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A Tentacular Teratology: The Abcanny Monstrous

O'Connor, Robert ORCID: https://orcid.org/0000-0001-8892-5929 (2022) A Tentacular Teratology: The Abcanny Monstrous. Fantastika Journal, 6 (1). pp. 56-72.

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The tentacular monster is a recognisable staple in Fantastika as a metaphor and motif for an invading ‘otherness’ upon our established status quo. They simultaneously remind us of the wonders of our natural world but also defamiliarise it as something which is still significantly incomprehensible to us. Whether it is the real-life aquatic specimens of the Spirit Collection in the British Natural History Museum, the Weird Fiction of H. P. Lovecraft or more recent examples in popular culture, the tentacled monster is an alluring mystery, symbol of revulsion, and social metaphor, inviting us to consider our own physical bodies and materiality in our ever-shifting, incomprehensible, anthropocentric contemporary moment.
China Miéville describes such tentacular monsters as “abcanny,” referring not only to Sigmund Freud’s theory of uncanny repression being brought back to the fore but also using the prefix ab- to refer to a sense of abnormality. The choice of prefix also invites consideration of Julia Kristeva’s theory of the abject and the repulsive disruption of physical boundaries. Gelatinous and tentacular monsters are the perfect encapsulation of this abcanny ideal, a formless mass of writhing biology at times eerily familiar but, more commonly, uncategorisable. Playfully mirroring Miéville’s essay defining the term, this article explores how theorisations of the abcanny body are developed through representations of tentacular monsters, demonstrating how a variety of texts apply fantastical teratology as a methodology for examining how we survive, negotiate, and engage various aspects of a contemporary culture which constantly shift and evade comprehension, as well as inviting communication of interspecies narratives which challenge anthropocentric values.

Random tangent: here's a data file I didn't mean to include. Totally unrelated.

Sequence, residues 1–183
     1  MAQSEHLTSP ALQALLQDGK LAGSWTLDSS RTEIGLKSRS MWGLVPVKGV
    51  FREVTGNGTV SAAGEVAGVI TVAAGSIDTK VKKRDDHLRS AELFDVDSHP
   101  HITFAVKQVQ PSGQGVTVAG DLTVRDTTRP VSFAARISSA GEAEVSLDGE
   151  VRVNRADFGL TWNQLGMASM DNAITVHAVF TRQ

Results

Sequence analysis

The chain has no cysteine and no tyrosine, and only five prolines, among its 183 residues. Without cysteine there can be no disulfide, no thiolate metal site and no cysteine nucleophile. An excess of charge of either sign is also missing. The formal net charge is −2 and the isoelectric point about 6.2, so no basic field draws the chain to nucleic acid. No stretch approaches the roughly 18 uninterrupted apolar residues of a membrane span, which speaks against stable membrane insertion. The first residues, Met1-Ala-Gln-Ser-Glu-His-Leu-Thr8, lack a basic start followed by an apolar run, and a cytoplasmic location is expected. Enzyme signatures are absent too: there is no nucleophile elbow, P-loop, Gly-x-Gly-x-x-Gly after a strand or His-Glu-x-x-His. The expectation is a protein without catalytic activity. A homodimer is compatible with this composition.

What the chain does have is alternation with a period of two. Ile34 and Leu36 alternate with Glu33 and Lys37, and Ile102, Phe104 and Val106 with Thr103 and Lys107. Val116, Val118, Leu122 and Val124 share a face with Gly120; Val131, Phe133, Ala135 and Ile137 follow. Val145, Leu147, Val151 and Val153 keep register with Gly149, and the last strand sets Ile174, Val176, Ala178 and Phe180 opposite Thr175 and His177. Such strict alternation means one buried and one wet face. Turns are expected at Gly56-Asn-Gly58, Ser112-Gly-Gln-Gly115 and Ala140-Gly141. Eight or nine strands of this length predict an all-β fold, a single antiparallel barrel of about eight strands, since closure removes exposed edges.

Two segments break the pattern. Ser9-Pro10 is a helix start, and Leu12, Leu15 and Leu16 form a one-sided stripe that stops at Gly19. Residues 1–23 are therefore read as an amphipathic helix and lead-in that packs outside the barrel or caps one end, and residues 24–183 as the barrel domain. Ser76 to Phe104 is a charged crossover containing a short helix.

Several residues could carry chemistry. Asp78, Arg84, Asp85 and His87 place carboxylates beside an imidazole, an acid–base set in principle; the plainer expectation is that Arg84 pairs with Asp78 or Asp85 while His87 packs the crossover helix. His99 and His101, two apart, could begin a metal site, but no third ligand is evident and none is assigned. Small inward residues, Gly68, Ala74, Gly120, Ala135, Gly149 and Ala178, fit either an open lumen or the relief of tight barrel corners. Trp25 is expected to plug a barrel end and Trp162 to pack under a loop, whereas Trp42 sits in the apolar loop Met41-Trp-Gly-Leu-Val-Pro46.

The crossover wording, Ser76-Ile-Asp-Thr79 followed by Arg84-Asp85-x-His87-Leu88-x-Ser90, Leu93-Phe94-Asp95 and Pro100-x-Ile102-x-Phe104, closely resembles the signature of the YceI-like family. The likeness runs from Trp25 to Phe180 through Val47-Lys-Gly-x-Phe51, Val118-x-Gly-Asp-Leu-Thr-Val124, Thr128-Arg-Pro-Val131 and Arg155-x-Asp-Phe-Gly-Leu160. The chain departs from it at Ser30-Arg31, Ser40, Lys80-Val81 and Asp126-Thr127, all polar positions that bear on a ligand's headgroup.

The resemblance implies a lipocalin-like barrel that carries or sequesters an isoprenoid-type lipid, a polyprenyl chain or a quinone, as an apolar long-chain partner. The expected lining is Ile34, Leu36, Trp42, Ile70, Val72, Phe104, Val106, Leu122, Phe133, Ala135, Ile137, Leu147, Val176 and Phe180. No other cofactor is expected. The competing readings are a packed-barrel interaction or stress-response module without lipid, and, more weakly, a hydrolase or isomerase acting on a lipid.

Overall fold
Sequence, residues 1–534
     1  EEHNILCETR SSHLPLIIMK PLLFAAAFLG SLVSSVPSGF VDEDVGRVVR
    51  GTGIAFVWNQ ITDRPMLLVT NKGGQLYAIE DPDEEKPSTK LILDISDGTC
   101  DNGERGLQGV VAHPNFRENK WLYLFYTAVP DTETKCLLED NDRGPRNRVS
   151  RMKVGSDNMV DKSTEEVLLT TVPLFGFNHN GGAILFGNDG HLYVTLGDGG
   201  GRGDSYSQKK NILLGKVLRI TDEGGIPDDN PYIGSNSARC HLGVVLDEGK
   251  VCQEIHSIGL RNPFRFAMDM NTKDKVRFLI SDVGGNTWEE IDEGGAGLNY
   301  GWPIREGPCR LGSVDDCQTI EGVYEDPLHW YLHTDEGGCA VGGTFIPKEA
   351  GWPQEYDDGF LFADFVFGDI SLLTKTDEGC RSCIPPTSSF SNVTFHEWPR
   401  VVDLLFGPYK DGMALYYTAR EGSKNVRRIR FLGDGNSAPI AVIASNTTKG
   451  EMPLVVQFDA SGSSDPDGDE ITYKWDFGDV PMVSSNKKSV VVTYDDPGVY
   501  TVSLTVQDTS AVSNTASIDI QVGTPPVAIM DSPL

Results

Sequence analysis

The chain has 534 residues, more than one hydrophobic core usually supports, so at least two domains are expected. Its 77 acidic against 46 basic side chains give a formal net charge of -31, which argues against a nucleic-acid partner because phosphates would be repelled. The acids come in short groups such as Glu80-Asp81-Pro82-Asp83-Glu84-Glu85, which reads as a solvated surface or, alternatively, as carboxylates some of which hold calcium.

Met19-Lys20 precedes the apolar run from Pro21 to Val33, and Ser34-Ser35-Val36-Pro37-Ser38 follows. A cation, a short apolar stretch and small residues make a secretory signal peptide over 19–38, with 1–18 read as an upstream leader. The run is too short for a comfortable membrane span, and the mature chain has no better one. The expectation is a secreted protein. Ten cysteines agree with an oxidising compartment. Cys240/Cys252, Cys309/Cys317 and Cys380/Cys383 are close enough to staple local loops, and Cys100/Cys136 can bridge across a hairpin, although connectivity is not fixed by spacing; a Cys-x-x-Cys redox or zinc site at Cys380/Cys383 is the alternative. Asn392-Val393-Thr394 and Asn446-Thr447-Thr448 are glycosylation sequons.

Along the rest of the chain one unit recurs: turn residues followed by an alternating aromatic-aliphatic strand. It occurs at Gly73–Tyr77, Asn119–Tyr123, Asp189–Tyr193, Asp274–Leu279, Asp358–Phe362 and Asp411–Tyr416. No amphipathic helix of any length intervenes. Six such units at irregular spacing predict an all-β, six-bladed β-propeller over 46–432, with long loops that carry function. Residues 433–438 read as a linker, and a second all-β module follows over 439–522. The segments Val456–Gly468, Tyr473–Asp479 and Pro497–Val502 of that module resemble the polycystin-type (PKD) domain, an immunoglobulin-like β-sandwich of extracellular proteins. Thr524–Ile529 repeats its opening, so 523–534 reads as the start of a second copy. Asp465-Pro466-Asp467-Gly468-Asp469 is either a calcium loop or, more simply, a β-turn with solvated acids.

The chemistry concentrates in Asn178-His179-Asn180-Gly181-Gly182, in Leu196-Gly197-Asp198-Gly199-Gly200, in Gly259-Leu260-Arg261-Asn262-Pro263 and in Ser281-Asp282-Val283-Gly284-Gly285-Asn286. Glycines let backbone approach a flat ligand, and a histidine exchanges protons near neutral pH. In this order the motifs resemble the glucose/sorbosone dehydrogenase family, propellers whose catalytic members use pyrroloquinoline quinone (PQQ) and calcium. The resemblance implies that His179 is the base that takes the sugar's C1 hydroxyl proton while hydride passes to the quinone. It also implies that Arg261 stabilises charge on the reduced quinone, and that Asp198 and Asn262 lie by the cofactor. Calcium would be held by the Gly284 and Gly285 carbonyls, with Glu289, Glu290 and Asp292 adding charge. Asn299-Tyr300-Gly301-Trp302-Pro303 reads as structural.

Item Type: Article
Status: Published
Subjects: P Language and Literature > PN Literature (General)
P Language and Literature > PN Literature (General) > PN0441 Literary History
P Language and Literature > PR English literature
School/Department: School of Humanities
URI: https://ray.yorksj.ac.uk/id/eprint/5949

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